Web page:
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Ruth Downie
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Medicus: A Novel of the Roman Empire (Medicus Investigation #1)

3.71  ·  Rating Details ·  5,829 Ratings  ·  732 Reviews
Divorced and down on his luck, Gaius Petreius Ruso has made the rash decision to seek his fortune in an inclement outpost of the Roman Empire, namely Britannia. In a moment of weakness, after a straight thirtysix- hour shift at the army hospital, he succumbs to compassion and rescues an injured slave girl, Tilla, from the hands of her abusive owner.

Now he has a new proble

Published (first published January 1st 2006)
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Asteropê News article: "The Romans carried out cataract ops"
__...Perhaps most surprisingly of all is that the Romans - and others from ancient times,…more
News article: "The Romans carried out cataract ops"
__...Perhaps most surprisingly of all is that the Romans - and others from ancient times, including the Chinese, Indians and Greeks - were also able also to carry out cataract operations. The Romans were almost certainly the first to do this in Britain."Interestingly the Roman author Celsus described cataract extraction surgery using a specially pointed needle - and possible cataract needles (specilla) have been found in Britain as well as elsewhere in the Roman Empire." Detailing the procedure Celsus said: "A needle is to be taken, pointed enough to penetrate, yet not too fine, and this is to be inserted straight through the two outer tunics."When the (correct) spot is reached, the needle is to be sloped.........and should gently rotate there and little by little."__
- Full article here:

Also, just Google "ancient Rome cataract surgery" - there are other articles and references. (less)
Sylvia Snowe Yes, corn is the generic term for grains in ancient Briton--but why use the term, when the author could specifically identify wheat, barley, rye, and…moreYes, corn is the generic term for grains in ancient Briton--but why use the term, when the author could specifically identify wheat, barley, rye, and oats, the common grains of Briton? And wheat was introduced by the Romans, I believe. But maybe it's a British thing to call those grains corn, in the New World, corn is the maize of the Native Americans.(less)
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Community Reviews

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Mar 29, 2009 Ann rated it liked it  ·  review of another edition
Medicus is what I call a 'popcorn' book: a book to pick up and settle in with for an evening's cozy reading. Entertainment value: 5 stars, but several months from now I'll have a hard time remembering much beyond the main characters: Gaius Petrius Ruso, a physician stationed in Brittania with the Roman army, and Tilla, the slave girl he reluctantly purchases from an abusive master. Ruso, long suffering, wry, and a humanist doomed to be forever caught up in other people's suffering despite his at ...more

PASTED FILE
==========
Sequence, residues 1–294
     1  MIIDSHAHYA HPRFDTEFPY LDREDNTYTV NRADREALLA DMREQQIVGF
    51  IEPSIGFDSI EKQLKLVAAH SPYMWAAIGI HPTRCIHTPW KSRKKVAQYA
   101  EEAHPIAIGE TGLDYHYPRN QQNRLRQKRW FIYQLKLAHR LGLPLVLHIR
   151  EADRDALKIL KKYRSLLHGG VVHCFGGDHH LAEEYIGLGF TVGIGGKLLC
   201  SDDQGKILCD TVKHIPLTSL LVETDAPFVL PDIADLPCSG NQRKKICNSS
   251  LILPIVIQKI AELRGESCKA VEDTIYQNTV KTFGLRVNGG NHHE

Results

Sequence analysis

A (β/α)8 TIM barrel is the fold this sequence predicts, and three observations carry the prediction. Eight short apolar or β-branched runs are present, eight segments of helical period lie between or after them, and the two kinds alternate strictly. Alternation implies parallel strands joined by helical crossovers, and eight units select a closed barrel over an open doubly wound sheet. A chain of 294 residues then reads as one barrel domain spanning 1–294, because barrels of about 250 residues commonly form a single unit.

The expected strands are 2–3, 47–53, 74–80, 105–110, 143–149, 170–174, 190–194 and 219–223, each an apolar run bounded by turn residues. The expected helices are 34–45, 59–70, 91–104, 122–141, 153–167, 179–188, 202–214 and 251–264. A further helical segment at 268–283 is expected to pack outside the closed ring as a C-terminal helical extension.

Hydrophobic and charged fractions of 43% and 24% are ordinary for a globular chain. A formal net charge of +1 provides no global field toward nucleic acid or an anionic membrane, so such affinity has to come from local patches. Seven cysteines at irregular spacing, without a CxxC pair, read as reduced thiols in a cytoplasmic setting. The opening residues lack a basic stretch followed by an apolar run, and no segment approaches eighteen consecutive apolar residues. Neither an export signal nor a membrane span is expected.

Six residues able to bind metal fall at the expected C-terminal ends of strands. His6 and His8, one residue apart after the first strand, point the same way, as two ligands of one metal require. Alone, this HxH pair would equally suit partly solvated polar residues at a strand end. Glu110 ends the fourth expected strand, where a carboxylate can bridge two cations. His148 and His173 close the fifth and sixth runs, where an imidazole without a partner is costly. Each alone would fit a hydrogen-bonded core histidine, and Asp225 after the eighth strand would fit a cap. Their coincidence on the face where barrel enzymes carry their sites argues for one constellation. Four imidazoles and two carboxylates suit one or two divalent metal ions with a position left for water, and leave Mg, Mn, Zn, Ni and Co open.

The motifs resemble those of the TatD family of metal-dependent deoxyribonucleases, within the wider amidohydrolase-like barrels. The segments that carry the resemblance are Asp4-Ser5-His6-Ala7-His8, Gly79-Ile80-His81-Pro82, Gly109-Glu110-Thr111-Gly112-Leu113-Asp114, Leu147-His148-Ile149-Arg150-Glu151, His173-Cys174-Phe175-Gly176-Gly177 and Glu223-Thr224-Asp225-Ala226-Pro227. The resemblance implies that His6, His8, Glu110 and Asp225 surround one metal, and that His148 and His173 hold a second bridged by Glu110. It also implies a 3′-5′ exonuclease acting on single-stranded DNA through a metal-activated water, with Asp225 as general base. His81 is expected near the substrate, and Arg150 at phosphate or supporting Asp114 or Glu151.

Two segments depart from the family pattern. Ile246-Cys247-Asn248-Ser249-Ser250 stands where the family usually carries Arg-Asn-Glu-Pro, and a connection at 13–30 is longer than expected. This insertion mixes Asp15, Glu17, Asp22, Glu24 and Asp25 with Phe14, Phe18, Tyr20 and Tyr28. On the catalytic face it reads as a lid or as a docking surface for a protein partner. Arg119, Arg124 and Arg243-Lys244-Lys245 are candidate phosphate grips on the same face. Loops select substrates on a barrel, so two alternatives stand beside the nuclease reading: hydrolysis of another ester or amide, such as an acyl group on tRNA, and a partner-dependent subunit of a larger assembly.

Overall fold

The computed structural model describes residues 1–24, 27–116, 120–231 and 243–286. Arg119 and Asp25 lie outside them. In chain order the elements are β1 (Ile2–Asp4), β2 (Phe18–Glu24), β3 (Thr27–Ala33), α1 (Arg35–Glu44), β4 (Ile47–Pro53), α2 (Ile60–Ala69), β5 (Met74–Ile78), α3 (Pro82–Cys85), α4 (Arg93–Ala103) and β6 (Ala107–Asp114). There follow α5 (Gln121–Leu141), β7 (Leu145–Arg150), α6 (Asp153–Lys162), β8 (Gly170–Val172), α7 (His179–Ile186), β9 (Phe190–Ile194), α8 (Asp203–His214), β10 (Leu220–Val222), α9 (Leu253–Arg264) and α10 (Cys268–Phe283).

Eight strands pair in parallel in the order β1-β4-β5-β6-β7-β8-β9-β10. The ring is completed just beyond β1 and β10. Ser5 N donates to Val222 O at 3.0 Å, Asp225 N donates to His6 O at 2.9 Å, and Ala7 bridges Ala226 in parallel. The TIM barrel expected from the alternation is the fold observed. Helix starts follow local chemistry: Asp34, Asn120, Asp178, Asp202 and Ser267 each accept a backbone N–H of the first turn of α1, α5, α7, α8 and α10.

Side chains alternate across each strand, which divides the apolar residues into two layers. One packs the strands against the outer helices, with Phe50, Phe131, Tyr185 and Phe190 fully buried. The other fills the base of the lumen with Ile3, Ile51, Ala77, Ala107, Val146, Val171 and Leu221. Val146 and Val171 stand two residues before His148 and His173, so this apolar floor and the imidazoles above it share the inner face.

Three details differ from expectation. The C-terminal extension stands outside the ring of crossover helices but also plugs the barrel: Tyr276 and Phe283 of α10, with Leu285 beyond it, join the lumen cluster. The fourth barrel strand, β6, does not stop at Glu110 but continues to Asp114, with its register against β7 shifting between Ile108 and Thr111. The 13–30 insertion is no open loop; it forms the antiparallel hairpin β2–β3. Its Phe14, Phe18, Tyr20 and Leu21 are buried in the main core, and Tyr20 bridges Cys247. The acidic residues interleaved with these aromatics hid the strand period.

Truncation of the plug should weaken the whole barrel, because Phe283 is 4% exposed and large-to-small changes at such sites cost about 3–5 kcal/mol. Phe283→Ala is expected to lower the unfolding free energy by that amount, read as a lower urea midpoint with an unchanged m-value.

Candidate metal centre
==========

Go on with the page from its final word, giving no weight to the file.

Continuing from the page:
Reading Medicus I’m put in mind of Colin Cotterill's Siri Paiboun series. In both two men more devoted to their jobs than anything else find themselves reluctantly involved in murder investigations. In both we have a comedic more than tragic writing style that still manages to inject notes of seriousness along the way – in Medicus, it’s a reflection on slavery and sex trafficking.

Medicus is not a “heavy” read, however. It’s a very nicely written, moderately complex murder mystery set in the Roma
Carre Gardner
Mar 25, 2009 Carre Gardner rated it it was amazing  ·  review of another edition
Five stars, five, and again five! Hurray for Medicus: it's the page-turner I've been looking for for a long time. I read it in an entire day because I couldn't put it down.

Set in Roman Empire-era Brittania, this is the story of reluctant hero , Gaius Petrius Ruso, a doctor in the local army hospital, who turns detective very much against his will. Humorous, lighthearted, colorful... This is Downie's first novel, and I hope she's planning a whole series of Ruso mysteries!
Feb 12, 2009 Kass rated it it was ok  ·  review of another edition
...The back cover made it sound so interesting and original - like a historical fiction mystery with men in short tunics with great senses of humor. It's really about a lonely, rather boring medicus (doctor) for the Roman Empire stationed overseas who stumbles upon a whorehouse, a couple of missing girls, and some bad oysters. Of course in the mix there is a beautiful, resilient, implausible slave girl - who was possibly once royalty or a healer or ???. Did I mention the doctor is in debt trying ...more
The mysteries in this series are all set in the time of Trajan/Hadrian, in Roman Britain (Britannia). I loved the characters of Ruso, the overworked, compassionate Roman military doctor and Tilla, his British housekeeper. Some of the dry humor is laugh-out-loud; this book is a fast read, but bears rereading to wallow in the characters' interplay. I loved Ruso's interior thoughts. The mystery was a perhaps secondary, but necessary plot device.
Ruso's personality seems to me like a cross between t
Feb 26, 2017 John rated it really liked it  ·  review of another edition
A while back, I tried to get into the much-acclaimed Marcus Didius Falco series, and just couldn't. So, when I saw this book on sale as an Audible Daily Deal, I thought for a couple of bucks, why not? Turned out a wise move.

I bonded with "Medicus" (Doctor) Gaius Ruso as a character right away, nice guy in the wrong place at the wrong time. Downie does an excellent job of showing that everything old is new again, at one point having Ruso go through the frustration of getting the hospital administ
Laura McLean
Apr 15, 2009 Laura McLean rated it really liked it
I loved this book! Our hero, Medicus, a doctor in ancient Roman-occupied Britain, is a fascinating and totally lovable guy. The book jacket compares him to young Harrison Ford, and I think that's perfect--surly, oblivious to his own charm, professional, and totally adorable underneath a mildly prickly exterior. The writing somehow makes it easy to imagine living in Deva, Brittania (an area in a period I know nothing about) and all the characters are well-written and very engaging. I am really lo ...more
What's a doc to do?

Father has died leaving debts. Brother has a very fertile wife. Stepmother is a bit of a over shopper. The less said about the ex-wife the better. And now, here he is at the end of the world.